It’s often said that autumn is a time of plenty. Rightfully so, considering it’s a period when mature crops are bountiful and ready for harvest. Luckily for fishermen on Chesapeake Bay — as well as other areas up and down the East Coast — autumn is also a time of angling abundance.
The “fall blitz,” from late September to mid-November, is when massive schools of baitfish empty from Chesapeake tributaries into open water, put on the move by cooling water temperatures. Waiting patiently to ambush them are schools of predator fish. The resulting feeding frenzy provides light tackle and fly anglers with some of the most epic striped bass and bluefish action of the year on Chesapeake Bay. Lower Bay anglers can get in on some tremendous speckled trout and red drum action this time of year, as well.
The fall blitz looks something like this: a chaotic expanse of crashing fish and spray created by aggressive feeding on bait that has been worked up to the surface, making for easy pickings. Above this fly dozens of seabirds diving for wounded bait or scooping up leftovers from the frenzy. Cast a lure or fly into this melee, and a hookup is almost guaranteed. The best part is you often see the fish make the explosive take. If you’re fortunate, they will continue to feed, and you’ll keep catching them until your arms ache, the ultimate blitz bucket-list experience.
Hide and Seek
Of course, first you have to find those fish, and it isn’t always easy. Sometimes you can simply rely on working birds to tip you off to the location of a feeding school. Other days you can run for miles and miles and not see a thing. Binoculars and radar can help you find blitzes beyond your line of sight, but sometimes you must go on a hunt more tuned toward structure and habitat that’s pleasing to baitfish and predators alike.
During difficult times such as this, I like to use a formula my friend Shawn Kimbro writes about in his book Chesapeake Light Tackle. The formula is C + B/HB = BF, which translates to current plus bait over hard bottom equals breaking fish. On Chesapeake Bay, that hard bottom is almost always some sort of oyster bar, though it can mean any hard structure, such as rocks or artificial reefs. Find the bars or other structure, along with a moving tidal current and baitfish, and you up your chances of finding feeding stripers and blues.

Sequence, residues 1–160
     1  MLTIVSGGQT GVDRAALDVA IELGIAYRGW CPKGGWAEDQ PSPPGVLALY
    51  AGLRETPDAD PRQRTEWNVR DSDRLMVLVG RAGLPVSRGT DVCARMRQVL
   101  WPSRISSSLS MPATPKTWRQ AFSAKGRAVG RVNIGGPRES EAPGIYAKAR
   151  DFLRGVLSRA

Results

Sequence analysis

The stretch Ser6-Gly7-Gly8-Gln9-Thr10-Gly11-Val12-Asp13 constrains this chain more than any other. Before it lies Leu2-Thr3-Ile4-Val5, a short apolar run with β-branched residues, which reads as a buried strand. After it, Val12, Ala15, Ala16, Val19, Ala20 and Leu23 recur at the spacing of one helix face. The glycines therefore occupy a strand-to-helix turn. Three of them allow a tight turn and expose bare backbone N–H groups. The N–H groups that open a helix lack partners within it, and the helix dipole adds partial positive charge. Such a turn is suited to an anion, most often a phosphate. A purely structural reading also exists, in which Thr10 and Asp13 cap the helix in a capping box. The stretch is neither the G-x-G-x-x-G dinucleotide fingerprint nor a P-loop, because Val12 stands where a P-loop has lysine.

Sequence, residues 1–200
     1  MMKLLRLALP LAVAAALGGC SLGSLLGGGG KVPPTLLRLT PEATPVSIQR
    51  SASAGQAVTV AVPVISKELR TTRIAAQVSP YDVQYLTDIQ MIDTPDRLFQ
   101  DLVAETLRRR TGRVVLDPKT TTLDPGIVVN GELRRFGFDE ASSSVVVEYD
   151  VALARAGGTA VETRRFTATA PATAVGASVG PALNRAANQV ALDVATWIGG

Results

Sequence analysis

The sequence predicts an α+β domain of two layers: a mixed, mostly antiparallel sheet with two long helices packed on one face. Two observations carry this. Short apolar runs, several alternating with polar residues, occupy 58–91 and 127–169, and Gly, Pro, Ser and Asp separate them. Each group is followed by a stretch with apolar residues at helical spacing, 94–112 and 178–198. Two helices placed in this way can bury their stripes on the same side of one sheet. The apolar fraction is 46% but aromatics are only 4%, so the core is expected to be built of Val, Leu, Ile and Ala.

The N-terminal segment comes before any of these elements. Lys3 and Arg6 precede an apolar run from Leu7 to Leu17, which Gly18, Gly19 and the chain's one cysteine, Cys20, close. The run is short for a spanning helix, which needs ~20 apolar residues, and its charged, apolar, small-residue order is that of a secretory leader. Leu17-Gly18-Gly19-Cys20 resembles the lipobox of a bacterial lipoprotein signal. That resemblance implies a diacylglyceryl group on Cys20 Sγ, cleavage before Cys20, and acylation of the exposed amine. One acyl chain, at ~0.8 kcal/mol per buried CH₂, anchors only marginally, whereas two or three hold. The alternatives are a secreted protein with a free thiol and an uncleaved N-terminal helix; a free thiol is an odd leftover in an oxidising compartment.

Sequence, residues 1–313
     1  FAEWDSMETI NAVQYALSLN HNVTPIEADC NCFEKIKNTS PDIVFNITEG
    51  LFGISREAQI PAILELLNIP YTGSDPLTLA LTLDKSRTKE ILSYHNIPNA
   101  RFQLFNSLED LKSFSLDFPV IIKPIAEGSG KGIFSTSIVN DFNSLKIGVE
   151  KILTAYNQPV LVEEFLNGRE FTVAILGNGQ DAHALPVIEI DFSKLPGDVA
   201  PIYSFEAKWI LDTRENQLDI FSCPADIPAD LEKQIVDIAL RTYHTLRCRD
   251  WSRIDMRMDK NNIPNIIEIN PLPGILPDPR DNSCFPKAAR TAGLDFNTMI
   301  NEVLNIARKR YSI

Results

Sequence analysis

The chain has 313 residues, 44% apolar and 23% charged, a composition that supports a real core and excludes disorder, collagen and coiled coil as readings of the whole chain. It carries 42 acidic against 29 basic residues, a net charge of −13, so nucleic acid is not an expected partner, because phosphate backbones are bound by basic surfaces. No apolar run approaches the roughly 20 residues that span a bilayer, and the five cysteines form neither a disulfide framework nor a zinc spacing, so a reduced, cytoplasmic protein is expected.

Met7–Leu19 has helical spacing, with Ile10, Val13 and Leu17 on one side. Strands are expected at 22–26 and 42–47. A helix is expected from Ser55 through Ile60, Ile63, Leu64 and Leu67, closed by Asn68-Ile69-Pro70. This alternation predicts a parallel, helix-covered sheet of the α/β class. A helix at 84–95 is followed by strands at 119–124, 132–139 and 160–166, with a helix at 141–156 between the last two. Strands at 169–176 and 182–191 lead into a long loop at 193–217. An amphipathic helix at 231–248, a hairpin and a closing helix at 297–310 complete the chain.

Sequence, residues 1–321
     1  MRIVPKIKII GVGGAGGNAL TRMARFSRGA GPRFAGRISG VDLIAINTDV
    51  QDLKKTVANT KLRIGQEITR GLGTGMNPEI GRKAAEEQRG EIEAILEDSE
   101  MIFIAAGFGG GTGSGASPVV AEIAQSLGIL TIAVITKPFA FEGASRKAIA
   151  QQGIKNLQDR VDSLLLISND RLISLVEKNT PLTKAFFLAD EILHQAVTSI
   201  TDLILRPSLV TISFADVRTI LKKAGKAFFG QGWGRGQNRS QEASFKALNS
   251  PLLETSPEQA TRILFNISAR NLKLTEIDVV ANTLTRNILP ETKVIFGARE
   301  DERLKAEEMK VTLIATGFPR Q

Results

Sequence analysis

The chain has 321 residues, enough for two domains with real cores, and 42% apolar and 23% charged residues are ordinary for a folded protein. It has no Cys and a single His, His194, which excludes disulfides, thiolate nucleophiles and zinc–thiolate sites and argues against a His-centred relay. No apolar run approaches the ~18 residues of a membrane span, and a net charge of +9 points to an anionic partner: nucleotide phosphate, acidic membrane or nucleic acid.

Hooking up is easy enough once you find fish. Light-tackle anglers use everything from top-water plugs to spoons, or jig heads tipped with plastics. Fly anglers can toss top-water patterns such as gurglers, crease flies and poppers, or baitfish-imitating patterns such as Clouser deep minnows, Lefty’s deceivers and Bruce’s bay anchovy. Simply cast into the middle of the frenzy, retrieve and wait for the strike. Wash, rinse, repeat.
Most Chesapeake Bay anglers quickly find out that the fish feeding on top are generally smaller, schoolie-size striped bass. Though that type of action can provide an evening of fun, many fishermen yearn for bigger fish. There’s one key to enticing and landing these larger fish: getting your lure or fly deeper in the water column. For light-tackle anglers this means switching from surface plugs to jig heads tipped with soft plastic bodies. Fly fishermen will use patterns such as Clouser deep minnows with weighted eyes. Instead of immediately retrieving your offering, let it sink for a few seconds. More often than not you’ll find a better class of fish working beneath the top-water action.
Don’t Do This
Despite the likelihood of hooking up, even the most seasoned anglers make mistakes when it comes to working a breaking school of fish. Make the wrong move, and you can ruin a potentially remarkable day of fishing. Perhaps the biggest mistake is running fast too close to the school. There’s no better way to raise the ire of anglers working a school of fish than to plow right into the blitz. Consider approaching slowly up-current or upwind by a good distance, then drifting down on the school with the engine off.
Another no-no is creating too much noise — a careless mistake that can put fish off the feed. The most common offenders here are folks who roll up to the blitz with the stereo blasting; even shouting too loudly can put the fish down. Less-recognized ways to turn away the bite are letting locker lids bang closed or slamming stowage doors. You might be amazed at how efficiently loud noises travel through water — and at how the fish react to them. Consider a stealth approach when sneaking up on a school of breaking stripers.
That’s a Wrap
An additional benefit to fall fishing on the Chesapeake is that the hazy, hot and humid dog days of summer are a distant memory. Crisp, cool days often rule, making for pleasant and comfortable fishing conditions. Want to get in on the action? Set your sights on fall and your GPS for just about anywhere on the main stem of Chesapeake Bay.
This article originally appeared in the October 2016 issue.